A Lesson From World War I: Christmas in July

lovecloudSometime ago, a dear friend and former pastor of mine, Carl Lancaster, added a “musings” addendum to our church’s prayer list.  He’s been emailing the prayer list to our members for many years now, and I enjoy the times he adds his own thoughts after the prayer requests.  Although this muse from him was based on the upcoming Christmas season, what he says is apropos to us today.  I have slightly edited it to make it current, but otherwise it appears as Carl wrote it.

A little over 100 years ago, Christmas of 1914, World War I had been underway for 5 months.  The Germans were fighting the British, the Belgians and the French.  They were fighting in trenches that were not that far apart.  It had rained a lot so there was mud everywhere. It turned bitterly cold where they were fighting in Belgium and France. In all the mud and the cold it was a miserable existence for everybody.

On Christmas Eve the Germans began singing, “Stille Nacht’ (Silent Night).  The allies applauded noisily and yelled, “more!, more!”  They then took turns singing Christmas Carols and the allies moved on to sing the German anthem and the Germans sang the British anthem.  After they had peeped out of their trenches without getting shot at they began meeting each other on the land between the trenches.  They traded food, tobacco, buttons from their uniforms and other souvenirs.  They discussed the best way to deal with the body lice and the rats and showed each other pictures of their families.  In many areas no shots were fired that night, Christmas day or the day after.  When the commanders heard about this they were irate and forbade any further fraternization with threats of court martial if anyone disobeyed.  Yet it was reported that in some areas soldiers continued to shoot over the heads of the opposing army as late as February!  They had come to recognize their common humanity and consequently had no desire to kill each other!

I have lived through World War II, the Cuban Crisis, the Korean War, the Vietnam War, two Iraq Wars and the Afghanistan War.  However, throughout my life at no other time have I ever heard so much hatred expressed against others even including against others within our own country.  At no time, have I ever know of so many people in so many parts of the world being so intent on destroying, in the most brutal way possible, their fellow human beings!
We remember and celebrate the Prince of Peace in our lives, so isn’t it time for us to declare a truce, a cease fire and to promote peace and goodwill rather than enmity and hate?  It seems pretty evident from the Bible that God does not want those who wear the name of his son to promote strife, enmity and hatred!  Rather He wants love, joy, peace, patience, kindness, gentleness and self control practiced and promoted!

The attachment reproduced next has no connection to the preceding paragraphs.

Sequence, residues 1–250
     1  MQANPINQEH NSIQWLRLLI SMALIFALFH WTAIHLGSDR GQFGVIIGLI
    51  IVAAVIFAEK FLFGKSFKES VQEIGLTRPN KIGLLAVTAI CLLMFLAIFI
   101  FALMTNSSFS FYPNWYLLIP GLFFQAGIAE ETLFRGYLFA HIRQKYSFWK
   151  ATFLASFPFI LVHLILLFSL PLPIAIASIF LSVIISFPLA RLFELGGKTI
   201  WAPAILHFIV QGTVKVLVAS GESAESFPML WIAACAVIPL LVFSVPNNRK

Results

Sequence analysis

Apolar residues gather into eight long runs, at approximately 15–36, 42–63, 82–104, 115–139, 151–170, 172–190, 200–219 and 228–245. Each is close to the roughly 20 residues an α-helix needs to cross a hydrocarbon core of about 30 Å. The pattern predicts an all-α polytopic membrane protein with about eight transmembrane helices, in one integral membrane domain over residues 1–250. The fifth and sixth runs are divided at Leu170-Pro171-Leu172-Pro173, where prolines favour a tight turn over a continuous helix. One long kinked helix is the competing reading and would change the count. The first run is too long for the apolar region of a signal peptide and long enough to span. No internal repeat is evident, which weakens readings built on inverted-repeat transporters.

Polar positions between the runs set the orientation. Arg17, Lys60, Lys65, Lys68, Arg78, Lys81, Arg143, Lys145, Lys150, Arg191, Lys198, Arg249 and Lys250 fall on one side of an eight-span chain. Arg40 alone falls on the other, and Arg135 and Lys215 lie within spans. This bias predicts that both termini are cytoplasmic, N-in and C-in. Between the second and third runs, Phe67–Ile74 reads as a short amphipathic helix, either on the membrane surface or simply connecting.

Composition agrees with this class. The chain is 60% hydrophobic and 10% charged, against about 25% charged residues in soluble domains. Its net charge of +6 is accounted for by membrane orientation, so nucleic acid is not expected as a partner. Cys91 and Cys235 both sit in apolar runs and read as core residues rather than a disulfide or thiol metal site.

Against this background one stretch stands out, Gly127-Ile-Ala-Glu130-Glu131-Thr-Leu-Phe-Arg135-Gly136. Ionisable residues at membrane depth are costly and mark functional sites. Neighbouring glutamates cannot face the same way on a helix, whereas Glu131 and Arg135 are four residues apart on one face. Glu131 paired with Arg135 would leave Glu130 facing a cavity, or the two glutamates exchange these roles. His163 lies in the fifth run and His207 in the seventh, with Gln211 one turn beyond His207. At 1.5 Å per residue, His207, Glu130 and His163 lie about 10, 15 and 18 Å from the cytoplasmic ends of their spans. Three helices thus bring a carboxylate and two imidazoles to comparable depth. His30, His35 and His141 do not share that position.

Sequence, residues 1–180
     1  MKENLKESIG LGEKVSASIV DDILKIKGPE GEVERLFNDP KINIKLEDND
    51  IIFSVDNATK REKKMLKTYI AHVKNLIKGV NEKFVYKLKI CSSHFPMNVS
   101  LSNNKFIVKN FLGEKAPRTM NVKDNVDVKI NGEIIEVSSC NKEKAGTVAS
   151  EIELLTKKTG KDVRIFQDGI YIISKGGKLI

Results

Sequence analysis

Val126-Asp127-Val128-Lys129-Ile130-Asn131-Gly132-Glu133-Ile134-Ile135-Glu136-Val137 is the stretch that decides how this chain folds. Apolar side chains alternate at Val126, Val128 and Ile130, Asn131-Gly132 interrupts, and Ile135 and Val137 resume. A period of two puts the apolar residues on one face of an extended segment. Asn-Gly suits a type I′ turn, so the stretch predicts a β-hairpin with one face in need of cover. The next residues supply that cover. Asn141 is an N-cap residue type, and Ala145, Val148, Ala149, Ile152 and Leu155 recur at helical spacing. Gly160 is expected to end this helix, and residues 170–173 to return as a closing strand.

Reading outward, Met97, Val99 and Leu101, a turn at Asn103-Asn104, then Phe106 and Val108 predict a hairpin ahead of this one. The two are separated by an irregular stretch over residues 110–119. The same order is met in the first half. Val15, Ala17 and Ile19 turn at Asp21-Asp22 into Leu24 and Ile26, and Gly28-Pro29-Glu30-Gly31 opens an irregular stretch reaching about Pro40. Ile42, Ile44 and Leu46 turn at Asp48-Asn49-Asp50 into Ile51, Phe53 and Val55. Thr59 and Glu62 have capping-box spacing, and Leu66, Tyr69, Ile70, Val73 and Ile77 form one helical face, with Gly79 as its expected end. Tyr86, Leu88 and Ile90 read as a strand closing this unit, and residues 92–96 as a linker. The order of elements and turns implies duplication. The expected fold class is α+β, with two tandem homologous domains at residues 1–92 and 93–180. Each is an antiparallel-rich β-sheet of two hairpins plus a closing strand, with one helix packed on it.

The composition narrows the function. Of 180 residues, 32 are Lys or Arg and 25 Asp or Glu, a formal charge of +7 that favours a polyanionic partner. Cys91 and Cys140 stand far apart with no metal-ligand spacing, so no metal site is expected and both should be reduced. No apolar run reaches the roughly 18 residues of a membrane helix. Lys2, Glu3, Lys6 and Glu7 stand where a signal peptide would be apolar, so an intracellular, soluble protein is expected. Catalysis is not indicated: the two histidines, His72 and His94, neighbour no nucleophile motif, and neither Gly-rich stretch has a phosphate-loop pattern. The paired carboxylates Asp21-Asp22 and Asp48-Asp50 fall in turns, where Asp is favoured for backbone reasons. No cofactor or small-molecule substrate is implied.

I challenge you to resolve to do what you can to avoid anything that would promote enmity or hate toward any person or any segment of
humanity. I further challenge you to resolve not to give audience to, encourage or listen to anyone who promotes enmity or hatred toward anyone, whether it is toward a political party, a race, a nationality or a religion. God doesn’t expect us or want us to agree with everybody.  Rather he wants us, not by enmity and hatred, but by our love and goodwill to change them for the better even including our enemies!  Our very nature gives us the same message. There is no inner peace or joy for the person whose heart is filled with hatred!
NOTE: I, myself, take responsibility for all these remarks.  No one asked me to write them.  I am not writing them to point a finger at anyone.  I was moved when I read again the story of that cease-fire at Christmas 1914!  I am concerned with all the hatred that being voiced in our own country.  If Christian people don’t do anything to promote love and goodwill, then who will????
Carl Lancaster is one of the wisest men I know. I’ve always respected him, and, for that reason, over twenty years ago, Bruce and I asked him to officiate our marriage. I’ve never know a man who understands people as well as he does.

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